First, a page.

Bill Chappell

Bill Chappell is a writer and editor on the News Desk in the heart of NPR's newsroom in Washington, D.C.

Chappell's work for NPR includes being the lead writer for online coverage of several Olympic Games, from London in 2012 and Rio in 2016 to Pyeongchang in 2018 – stints that also included posting numerous videos and photos to NPR's Instagram and other branded accounts. He has also previously been NPR.org's homepage editor.

Chappell established the Peabody Award-winning StoryCorps on NPR's website; his assignments also include being the lead web producer for NPR's trip to Asia's Grand Trunk Road. Chappell has coordinated special digital features for Morning Edition and Fresh Air, in addition to editing the rundown of All Things Considered. He also frequently contributes to other NPR blogs, such as The Salt.

At NPR, Chappell has trained both digital and radio staff to tell compelling stories, promoting more collaboration between departments and desks.

Chappell was a key editorial member of the small team that performed one of NPR's largest website redesigns. One year later, NPR.org won its first Peabody Award, along with the National Press Foundation's Excellence in Online Journalism award.

Prior to joining NPR, Chappell was part of the Assignment Desk at CNN International, working with reporters in areas from the Middle East, Asia, Africa, Europe, and Latin America. Chappell also edited and produced stories for CNN.com's features division, before moving on to edit video and produce stories for Sports Illustrated's website.

Early in his career, Chappell wrote about movies, restaurants, and music for alternative weeklies, in addition to his first job: editing the police blotter.

The deputy mayor of Airmont, N.Y., has been arrested on multiple weapons charges after police discovered an arsenal of illegal guns in his house — including 16 assault weapons and 13 silencers, according to the district attorney's office. Investigators said they also found a stash of fake federal IDs, including FBI credentials.

Deputy Mayor Brian Downey, 47, now faces more than 30 state and federal criminal counts.

Florida Gov. Ron DeSantis is "completely incorrect" to suggest vaccines are a personal choice with no broad implications, says Dr. Anthony Fauci, the country's top infectious disease authority.

"If [DeSantis] feels that vaccines are not important for people, that they're just important for some people, that's completely incorrect," Fauci said after being asked about DeSantis' views during an interview Tuesday with CNN.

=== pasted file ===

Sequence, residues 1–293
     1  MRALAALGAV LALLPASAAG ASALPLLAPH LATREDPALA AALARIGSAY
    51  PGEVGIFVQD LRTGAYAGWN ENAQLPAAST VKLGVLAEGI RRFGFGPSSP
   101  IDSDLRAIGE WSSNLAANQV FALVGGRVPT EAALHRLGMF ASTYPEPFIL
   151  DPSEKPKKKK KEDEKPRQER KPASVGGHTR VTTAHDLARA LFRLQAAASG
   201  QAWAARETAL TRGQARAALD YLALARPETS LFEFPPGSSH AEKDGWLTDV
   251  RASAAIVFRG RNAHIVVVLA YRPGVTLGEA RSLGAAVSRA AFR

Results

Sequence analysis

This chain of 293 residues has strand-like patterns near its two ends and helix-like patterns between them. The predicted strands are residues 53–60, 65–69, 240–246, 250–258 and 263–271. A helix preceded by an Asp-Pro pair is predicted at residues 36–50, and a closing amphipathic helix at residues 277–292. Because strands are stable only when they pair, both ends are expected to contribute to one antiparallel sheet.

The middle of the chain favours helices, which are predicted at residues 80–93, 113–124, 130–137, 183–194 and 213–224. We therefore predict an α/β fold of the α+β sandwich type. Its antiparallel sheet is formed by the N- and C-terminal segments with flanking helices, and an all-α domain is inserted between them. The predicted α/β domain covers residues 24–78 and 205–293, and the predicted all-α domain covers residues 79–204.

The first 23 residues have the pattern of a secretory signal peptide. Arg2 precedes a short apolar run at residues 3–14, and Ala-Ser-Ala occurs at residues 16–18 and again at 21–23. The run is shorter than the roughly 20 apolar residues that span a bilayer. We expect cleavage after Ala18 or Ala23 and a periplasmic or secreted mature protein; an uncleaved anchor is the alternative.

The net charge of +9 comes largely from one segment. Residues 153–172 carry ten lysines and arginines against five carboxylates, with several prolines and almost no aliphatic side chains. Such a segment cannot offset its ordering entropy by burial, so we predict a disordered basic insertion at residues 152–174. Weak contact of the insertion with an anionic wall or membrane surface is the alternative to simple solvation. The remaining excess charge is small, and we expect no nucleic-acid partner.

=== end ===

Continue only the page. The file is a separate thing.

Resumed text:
Updated September 7, 2021 at 11:52 AM ET

The Human Rights Campaign has ousted Alphonso David as its president, saying it fired him for cause in the wake of a report that found he helped former New York Gov. Andrew Cuomo respond to sexual misconduct allegations.

David's exit is contentious, with both sides accusing the other of spreading falsehoods.

Hurricane Ida's remnants created deadly havoc in Pennsylvania, New Jersey and New York days after the system hit the Gulf Coast — some 1,000 miles away.

There was "just the right mix of weather conditions" in place to fuel the system, according to Tripti Bhattacharya, an assistant professor of earth and environmental sciences at Syracuse University.

The dating-app company Bumble has created a special fund to help people affected by Texas' new abortion ban. The CEO of Match, which owns Tinder, is creating a similar fund. Both companies are based in Texas and are led by women.

It was only a matter of a few minutes — but the rules are the rules, and organizers say Malaysian shot putter Muhammad Ziyad Zolkefli became ineligible to compete after he arrived late to his event at the Tokyo Paralympics.

Zolkefli was allowed to compete in the event under protest on Tuesday, as Malaysia's delegation sought a way for him to defend the gold medal he won in Rio De Janeiro in 2016. He turned in the longest throw of the competition — in fact, his throw of 17.94 meters (58.85 feet) would have been good enough to win a gold medal and set a new world record.

If the U.S. had done more to reduce its incarceration rate, it could have prevented millions of COVID-19 cases.

That's the conclusion of researchers who conducted what they say is the first study to link mass incarceration rates to pandemic vulnerability. Many of those preventable cases, they add, occurred in communities of color.

A man who disrupted NBC News correspondent Shaquille Brewster's live report on Hurricane Ida is now facing an arrest warrant on criminal charges.

Members of the public helped identify Benjamin Eugene Dagley of Wooster, Ohio, according to police in Gulfport, Mississippi.

Dagley is charged with four criminal counts, including two counts of simple assault, one of disturbing the peace and another of violating an emergency curfew, according to the Gulfport Police Department.

The entire board of Iceland's soccer federation has abruptly resigned after being accused of mishandling allegations of sexual assault committed by players on the national team — and of covering up at least one alleged incident. The board also issued an apology to the victims, saying it believes them and promising to do better.

They helped their country fight for freedom, although they were denied it at home and served in a segregated Army unit. But the Black men of the 369th Infantry Regiment, widely known as the Harlem Hellfighters, fought with valor and skill — and their accomplishment has now been recognized with a Congressional Gold Medal.

Pages